US commercial gaming revenue surpassed the $11bn barrier during the first quarter, matching the third quarter of 2019 as the industry’s highest-grossing three month time frame, according to the American Gaming Association.

This marks a 4.1 percent increase to $11.13bn over the industry’s pre-pandemic performance in Q1 2019, and is a 17.7 percent rise over the same period one year ago, when the entire gaming industry shut down due to COVID-19.

While January and February contracted 7.8 per cent and 14.6 per cent, respectively, March reached $4.48bn, which represents a 12.9 per cent jump from the $4bn recorded in the previous all-time high monthly revenue which was recorded in March 2019.

Despite significant COVID-mandated restrictions on capacity and amenities across the country, traditional brick-and-mortar casino games generated 90 per cent of their Q1 2019 revenue, with March’s slots and table games performance coming within one percentage point of the totals recorded during the same month two years ago.

However, it is warned that casinos across the country continue to struggle with limitations on live entertainment, dining, hotel bookings and meetings and conventions that the AGA says “are essential to the industry’s bottom line”.

Despite the limitations, 14 out of 25 commercial casino states saw quarterly gaming revenue increase compared to the first quarter of 2019, including three of the four largest gaming states: New Jersey (+30 per cent), Pennsylvania (+24.8 per cent) and Indiana (+7.1 per cent). 

Meanwhile, 12 markets reported their highest-ever levels of gaming revenue for a single month in March, including Arkansas, Colorado, Iowa, Maryland, Michigan, Missouri, Montana, Ohio, Oklahoma, Pennsylvania, South Dakota and Virginia.

“Today’s report shows gaming’s comeback is ahead of schedule,” said Bill Miller, AGA President and CEO. “Throughout the COVID-19 pandemic, our industry has faced numerous challenges head-on while still reopening responsibly and providing a safe, exciting environment for customers.”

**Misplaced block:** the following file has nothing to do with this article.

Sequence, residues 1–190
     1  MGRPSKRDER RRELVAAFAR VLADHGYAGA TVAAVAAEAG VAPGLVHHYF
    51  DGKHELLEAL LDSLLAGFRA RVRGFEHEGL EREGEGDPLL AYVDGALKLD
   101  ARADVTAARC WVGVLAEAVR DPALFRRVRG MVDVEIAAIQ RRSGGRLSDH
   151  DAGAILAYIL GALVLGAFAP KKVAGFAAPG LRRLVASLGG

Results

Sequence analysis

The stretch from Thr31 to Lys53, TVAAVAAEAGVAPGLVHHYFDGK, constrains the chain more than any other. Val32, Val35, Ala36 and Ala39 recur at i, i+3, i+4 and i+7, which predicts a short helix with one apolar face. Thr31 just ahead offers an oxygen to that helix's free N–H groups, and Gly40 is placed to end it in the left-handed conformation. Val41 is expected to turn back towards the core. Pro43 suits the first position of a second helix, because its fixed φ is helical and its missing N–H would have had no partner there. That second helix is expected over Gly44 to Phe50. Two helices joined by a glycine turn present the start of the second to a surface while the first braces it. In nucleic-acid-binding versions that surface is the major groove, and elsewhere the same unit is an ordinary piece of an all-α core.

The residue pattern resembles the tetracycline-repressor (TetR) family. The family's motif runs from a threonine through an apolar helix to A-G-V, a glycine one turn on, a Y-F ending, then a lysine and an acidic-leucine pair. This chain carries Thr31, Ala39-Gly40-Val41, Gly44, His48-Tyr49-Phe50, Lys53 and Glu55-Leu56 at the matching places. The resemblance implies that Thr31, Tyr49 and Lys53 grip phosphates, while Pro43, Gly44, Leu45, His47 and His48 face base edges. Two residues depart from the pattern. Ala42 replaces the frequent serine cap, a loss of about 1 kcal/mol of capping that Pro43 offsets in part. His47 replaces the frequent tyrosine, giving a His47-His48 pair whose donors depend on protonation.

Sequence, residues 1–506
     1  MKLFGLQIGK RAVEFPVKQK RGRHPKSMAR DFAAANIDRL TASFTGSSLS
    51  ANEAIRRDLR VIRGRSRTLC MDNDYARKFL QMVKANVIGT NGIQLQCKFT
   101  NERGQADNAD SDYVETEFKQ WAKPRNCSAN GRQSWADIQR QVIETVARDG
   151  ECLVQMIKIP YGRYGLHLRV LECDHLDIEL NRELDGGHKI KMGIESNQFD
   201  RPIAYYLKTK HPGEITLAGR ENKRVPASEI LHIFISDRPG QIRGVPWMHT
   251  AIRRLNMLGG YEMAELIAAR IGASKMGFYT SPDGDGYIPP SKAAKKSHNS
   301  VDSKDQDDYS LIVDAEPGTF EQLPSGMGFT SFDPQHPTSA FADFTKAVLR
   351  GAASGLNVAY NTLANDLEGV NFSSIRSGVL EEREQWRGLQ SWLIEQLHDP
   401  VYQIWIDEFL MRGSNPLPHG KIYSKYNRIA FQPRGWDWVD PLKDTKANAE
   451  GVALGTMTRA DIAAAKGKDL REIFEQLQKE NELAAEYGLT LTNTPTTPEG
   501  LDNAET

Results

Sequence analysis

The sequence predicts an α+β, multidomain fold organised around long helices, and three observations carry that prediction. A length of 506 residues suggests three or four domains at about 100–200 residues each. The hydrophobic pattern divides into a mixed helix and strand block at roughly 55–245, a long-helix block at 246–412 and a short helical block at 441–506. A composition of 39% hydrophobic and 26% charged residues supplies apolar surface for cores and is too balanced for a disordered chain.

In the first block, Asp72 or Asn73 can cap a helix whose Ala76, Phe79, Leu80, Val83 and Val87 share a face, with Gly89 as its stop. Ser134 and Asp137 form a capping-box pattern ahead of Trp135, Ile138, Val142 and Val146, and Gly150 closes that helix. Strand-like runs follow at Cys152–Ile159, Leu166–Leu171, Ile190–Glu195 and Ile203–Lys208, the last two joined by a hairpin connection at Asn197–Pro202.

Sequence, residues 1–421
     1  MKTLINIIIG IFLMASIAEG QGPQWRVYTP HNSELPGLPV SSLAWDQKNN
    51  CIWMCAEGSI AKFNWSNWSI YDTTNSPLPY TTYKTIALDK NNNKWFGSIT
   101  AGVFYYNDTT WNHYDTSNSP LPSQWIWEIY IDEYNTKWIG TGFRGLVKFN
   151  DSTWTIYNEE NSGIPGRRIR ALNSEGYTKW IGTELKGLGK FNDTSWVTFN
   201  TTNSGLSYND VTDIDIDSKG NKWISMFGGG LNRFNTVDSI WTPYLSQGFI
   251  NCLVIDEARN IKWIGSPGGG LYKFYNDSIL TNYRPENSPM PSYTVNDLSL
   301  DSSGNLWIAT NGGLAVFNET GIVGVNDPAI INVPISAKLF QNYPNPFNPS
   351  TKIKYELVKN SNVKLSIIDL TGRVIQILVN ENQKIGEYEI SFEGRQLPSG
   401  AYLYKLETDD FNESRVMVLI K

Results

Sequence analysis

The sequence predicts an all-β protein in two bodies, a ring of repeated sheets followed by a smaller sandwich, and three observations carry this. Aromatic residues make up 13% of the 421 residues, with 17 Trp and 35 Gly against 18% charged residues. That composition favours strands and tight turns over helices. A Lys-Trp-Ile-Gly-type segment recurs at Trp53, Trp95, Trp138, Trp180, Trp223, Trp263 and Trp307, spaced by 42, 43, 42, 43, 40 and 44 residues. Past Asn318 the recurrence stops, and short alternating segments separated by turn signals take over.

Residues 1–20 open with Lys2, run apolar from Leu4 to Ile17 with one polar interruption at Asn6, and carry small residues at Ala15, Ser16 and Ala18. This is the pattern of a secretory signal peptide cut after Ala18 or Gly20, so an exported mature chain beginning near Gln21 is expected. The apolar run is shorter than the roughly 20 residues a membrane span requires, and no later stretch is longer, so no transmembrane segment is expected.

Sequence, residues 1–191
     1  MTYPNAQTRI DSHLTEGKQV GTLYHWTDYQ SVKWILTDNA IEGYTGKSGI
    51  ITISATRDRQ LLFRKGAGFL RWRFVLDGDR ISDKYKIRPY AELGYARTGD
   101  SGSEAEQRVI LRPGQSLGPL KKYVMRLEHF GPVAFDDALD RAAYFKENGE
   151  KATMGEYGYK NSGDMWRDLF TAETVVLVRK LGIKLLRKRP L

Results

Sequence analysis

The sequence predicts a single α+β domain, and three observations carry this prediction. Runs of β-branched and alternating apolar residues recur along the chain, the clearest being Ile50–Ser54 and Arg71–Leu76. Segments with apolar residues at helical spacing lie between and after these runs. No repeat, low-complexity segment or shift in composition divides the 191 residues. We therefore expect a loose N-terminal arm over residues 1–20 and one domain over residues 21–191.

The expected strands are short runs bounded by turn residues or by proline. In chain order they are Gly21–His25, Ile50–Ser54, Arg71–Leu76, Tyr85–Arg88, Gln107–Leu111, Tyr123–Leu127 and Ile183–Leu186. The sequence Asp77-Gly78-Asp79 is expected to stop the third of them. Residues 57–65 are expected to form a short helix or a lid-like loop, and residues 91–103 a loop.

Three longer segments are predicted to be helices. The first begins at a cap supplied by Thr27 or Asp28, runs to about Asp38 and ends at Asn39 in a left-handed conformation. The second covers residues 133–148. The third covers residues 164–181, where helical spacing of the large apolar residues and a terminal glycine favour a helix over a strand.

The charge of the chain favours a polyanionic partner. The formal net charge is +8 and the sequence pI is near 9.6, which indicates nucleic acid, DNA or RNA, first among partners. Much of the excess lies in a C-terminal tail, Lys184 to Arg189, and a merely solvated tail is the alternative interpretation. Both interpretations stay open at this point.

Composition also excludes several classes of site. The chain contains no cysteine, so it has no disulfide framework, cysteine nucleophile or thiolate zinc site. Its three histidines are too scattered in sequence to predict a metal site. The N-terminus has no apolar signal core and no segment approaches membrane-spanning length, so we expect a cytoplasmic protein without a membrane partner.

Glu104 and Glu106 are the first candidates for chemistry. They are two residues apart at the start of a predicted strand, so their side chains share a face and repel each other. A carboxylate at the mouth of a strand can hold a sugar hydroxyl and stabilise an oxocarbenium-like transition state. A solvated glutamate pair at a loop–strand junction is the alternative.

Adding: “The gaming industry is generating these impressive results with one hand tied behind our back as capacity and amenity restrictions remain across the country. 

“This is a testament to gaming’s hard work to help ensure our team members’ safety and well-being, which enabled us to reopen safely. We applied those same standards to our customers, whose clear pent-up demand was met by our responsible industry.”

Sports betting revenue for Q1 2021 saw a quarterly US record of $961m, which is up 270 per cent from the corresponding period one year ago, and exceeds 2019’s full-year total of $909m. 

Boosted by the January launch of online casinos in Michigan, igaming generated $784m nationwide in Q1 2021, more than tripling the total recorded in Q1 2020. 

Miller continued: “I’m optimistic for the months ahead as increased vaccination rates spark the next phase of gaming’s recovery, easing COVID restrictions and bringing back of the invaluable conventions and events business.

“While I’m certainly not ready to fly the “Mission Accomplished” banner, it’s clear that we are well on our way. And with the continued expansion of gaming across the US giving us added opportunities for growth, I’ve never been more optimistic for our industry’s future.”